Craig Doolan asked about the south west, Cheyne Beach and a few other things :
You should find Noisy Scrubbird, Western Bristlebird, Western
Whipbird (nigrogularis), Western Spinebill, Western Wattlebird,
White-breasted Robin and Red-eared Firetail at Cheyne Beach. You can
ask in the office for recent information.
NSB - From the caravan park, walk down to the main road, turn right
and walk to the track leading down to the beach. Stand at the top of
this track (or sit on the bank opposite) and wait for a NSB to sprint
across the road. Don't blink or be distracted by the other species!
One will usually cross within an hour. You should hear the male
calling, but even if he sounds distant, there should be a female and
a juvenile that can cross the track. Please don't play the call. The
NSB has a regular route it follows. If you play the call, then it can
go anywhere and you no longer know where to look. Just be patient and
at least one will cross that track. Occasionally they cross the main
road between the track and the road up to the caravan park. There is
also a NSB near the WW below, but probably too far off the track to
have a chance of seeing it. But again if it calls, there is a chance
that it is sitting up in a bush. Remember if your ears are not
hurting, then the bird is more than 10 metres away! It is very loud.
WB - From the caravan park, turn right and walk up the sand track to
a Y junction. You can go either left or right (right is more straight
ahead than right). You have a good chance on either track, but you
will need patience. Early morning or late afternoon is the best, but
you still have a chance most of the day. When they call, they are
most likely to be in a bush, and may even be on top of a bush. Last
trip in September, I saw a couple along the right track and heard
them on the left track.
WW - You need to hear this bird call, and then track it down. Either
track is again good, but I had two giving my best ever views on the
left track. Where the left track splits into two, take the right and
continue to an area with lots of dead burnt sticks. If they don't
call, then you will have trouble. If it hasn't called in 30 minutes,
then give it a quick burst for 10 to 15 seconds (but it must be the
nigrogularis call). Again, when they call they are almost certainly
up in a bush and quite likely to be on top.
Western Wattlebird - Look in the flowering banksias.
White-breasted Robin - Usually on the NSB track, but not too hard to
track down around the caravan park.
REF - Look for them first thing in the morning on the power lines, or
feeding on the lawns around the cabins or the office. Also from the
caravan park, walk down to the main road, turn left and look for the
area of lawn on the left. They are often there.
Red-winged Fairywren - They can be on the NSB road and around the
caravan park, but I have had trouble with them there this year. So
drive in to Waychinicup. They are at the creek crossing, and in the
You usually need more than a little time at the Stirling Range. I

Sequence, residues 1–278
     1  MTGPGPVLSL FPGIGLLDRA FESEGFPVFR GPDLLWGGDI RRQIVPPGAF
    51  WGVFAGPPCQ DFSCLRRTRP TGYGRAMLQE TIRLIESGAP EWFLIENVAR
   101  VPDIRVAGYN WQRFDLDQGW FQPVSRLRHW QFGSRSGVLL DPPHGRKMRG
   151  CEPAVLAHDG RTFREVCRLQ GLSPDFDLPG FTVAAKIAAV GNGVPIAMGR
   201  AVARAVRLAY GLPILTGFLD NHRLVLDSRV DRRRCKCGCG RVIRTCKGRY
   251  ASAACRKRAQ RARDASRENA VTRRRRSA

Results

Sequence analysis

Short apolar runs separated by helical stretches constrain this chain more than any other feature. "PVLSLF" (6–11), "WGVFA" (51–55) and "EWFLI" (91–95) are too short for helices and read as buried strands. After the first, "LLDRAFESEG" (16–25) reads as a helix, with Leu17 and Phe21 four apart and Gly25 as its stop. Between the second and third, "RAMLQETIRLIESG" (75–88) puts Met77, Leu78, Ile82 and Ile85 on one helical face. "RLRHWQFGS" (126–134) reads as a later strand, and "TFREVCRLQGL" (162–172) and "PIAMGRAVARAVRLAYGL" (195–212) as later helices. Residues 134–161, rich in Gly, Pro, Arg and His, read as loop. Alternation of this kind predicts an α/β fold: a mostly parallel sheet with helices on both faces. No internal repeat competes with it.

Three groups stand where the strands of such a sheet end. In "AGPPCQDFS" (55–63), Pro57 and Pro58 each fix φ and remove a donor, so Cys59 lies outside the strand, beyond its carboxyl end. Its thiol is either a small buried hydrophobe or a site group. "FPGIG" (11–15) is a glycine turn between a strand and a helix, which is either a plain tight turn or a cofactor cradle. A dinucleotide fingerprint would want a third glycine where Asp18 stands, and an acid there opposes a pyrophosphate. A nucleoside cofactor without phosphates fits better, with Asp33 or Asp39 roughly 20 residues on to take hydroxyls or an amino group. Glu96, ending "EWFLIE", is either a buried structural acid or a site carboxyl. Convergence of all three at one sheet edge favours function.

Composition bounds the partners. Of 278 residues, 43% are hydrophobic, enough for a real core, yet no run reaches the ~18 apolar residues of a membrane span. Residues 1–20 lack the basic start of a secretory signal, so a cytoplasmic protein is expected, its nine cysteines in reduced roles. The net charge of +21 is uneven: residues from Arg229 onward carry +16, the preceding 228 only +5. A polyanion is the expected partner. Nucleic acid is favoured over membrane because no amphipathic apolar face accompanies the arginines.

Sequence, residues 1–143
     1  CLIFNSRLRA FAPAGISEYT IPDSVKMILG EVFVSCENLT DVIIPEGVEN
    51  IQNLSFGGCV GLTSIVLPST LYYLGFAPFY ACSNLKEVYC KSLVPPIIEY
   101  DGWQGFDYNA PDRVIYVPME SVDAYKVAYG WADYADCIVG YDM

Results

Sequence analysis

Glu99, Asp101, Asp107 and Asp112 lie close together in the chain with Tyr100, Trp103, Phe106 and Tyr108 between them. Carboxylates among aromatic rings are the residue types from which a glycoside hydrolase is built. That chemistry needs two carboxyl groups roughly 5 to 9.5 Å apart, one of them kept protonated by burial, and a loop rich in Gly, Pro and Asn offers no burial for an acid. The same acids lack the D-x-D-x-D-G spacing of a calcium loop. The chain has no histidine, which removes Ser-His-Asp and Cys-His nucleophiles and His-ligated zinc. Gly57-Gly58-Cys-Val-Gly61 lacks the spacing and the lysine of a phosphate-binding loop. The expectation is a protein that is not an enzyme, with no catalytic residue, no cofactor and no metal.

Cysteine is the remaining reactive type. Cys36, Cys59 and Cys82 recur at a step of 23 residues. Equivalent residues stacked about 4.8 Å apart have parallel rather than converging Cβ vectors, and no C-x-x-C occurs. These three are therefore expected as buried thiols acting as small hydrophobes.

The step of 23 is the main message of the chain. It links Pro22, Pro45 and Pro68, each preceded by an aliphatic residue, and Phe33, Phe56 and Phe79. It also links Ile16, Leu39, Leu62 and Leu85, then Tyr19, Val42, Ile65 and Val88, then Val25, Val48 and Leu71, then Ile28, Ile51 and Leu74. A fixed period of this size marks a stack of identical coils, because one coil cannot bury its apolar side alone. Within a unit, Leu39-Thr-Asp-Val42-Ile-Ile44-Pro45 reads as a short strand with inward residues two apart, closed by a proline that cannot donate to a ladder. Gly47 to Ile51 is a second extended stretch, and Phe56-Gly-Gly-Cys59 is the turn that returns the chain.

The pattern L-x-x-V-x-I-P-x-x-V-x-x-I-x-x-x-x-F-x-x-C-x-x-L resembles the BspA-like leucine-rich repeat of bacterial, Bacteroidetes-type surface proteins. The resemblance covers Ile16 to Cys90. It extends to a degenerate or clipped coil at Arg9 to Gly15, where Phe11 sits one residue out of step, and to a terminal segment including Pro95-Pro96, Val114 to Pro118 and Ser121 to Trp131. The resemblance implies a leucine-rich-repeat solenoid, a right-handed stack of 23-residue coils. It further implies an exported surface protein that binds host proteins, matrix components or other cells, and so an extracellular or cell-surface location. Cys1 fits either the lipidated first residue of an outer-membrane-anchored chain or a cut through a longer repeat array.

usually bird along the road up to Mt Trio, and Salt River Road (near
the Camel Lake NR). I am looking for Western Fieldwren and Western
Whipbird (oberon). Neither were easy this year. At the car park on
the Mt Trio, listen for the whipbird. It is often near the rock
behind the car park. Otherwise make your way down the road until you
get to the first lowest part of the heath. We had brief views of WF
here. Again when they call they are often high in a bush, and
sometimes on the top.
I don't believe that Southern Scrubrobin still occurs at the Stirling
Range (at least at the areas I mention). They might still be in the
mallee on the way to the dam behind the rangers house. I go to the
mallee between Boxwood Hill, Ongerup, Jerramungup for this species.
Dryandra - My preferred areas are the north end of Marri Road,
Koomal Road (turn left at the north of Marri, and then left onto
Koomal), and the Ochre Trail. My targets are Rufous Treecreeper
(easy), Western Thornbill (look in the areas with most wattles),
Blue-breasted Fairywren (can be difficult in the middle of the day),
Crested Shriketit (hardly ever calls so difficult to find), Painted
Buttonquail and robins (Jacky WInter, Hooded, Scarlet, Red-capped and
occasionally Western Yellow at the end of Marri). Gilbert's
Honeyeater (aka Swan River aka White-naped) can often be found at the
bird baths of the wardens (John & Lisa). White-eared Honeyeater is
another potential split but can take time to track down. I have seen
it at the bird bath.
Elegant Parrot - You would have good chances along the side of the
road, and also at Dryandra.
Western Rosella, Red-capped Parrot, Carnaby's Black Cockatoo,
Baudin's Black Cockatoo are usually found along the road. If you miss
Baudin's then the road to Tree in The Rock at Porongurup is an
excellent chance. Rocky Gully is another very good chance.
Western Corella - This is at Rocky Gully but very hard to build all
these sites into one day. I have done Cheyne Beach, Porongurup, Rocky
Gully, Frankland, Kojonup, Williams and then gone back into Dryandra
just north of there and then left late to head back to Perth. A long
day!! But that misses Stirling Range.
Rottnest - Rock Parrots are very scarce now on Rottnest but can still
be found with some luck. The areas I look are the grass to the right
of the bakery (before the tennis court), opposite the tennis courts
near the Bathurst Point lighthouse (and the surrounding area) and
along the beach on Thomsons Bay.
Roseate Tern is possible. Your best chance would be looking from the
Bathurst Point lighthouse, but you would need luck. The other area is
the 'Natural Jetty' near Kingston barracks, but this is out of the
way and takes some time to get there.
Frank O'Connor Birding WA
Phone : (08) 9386 5694 Email :
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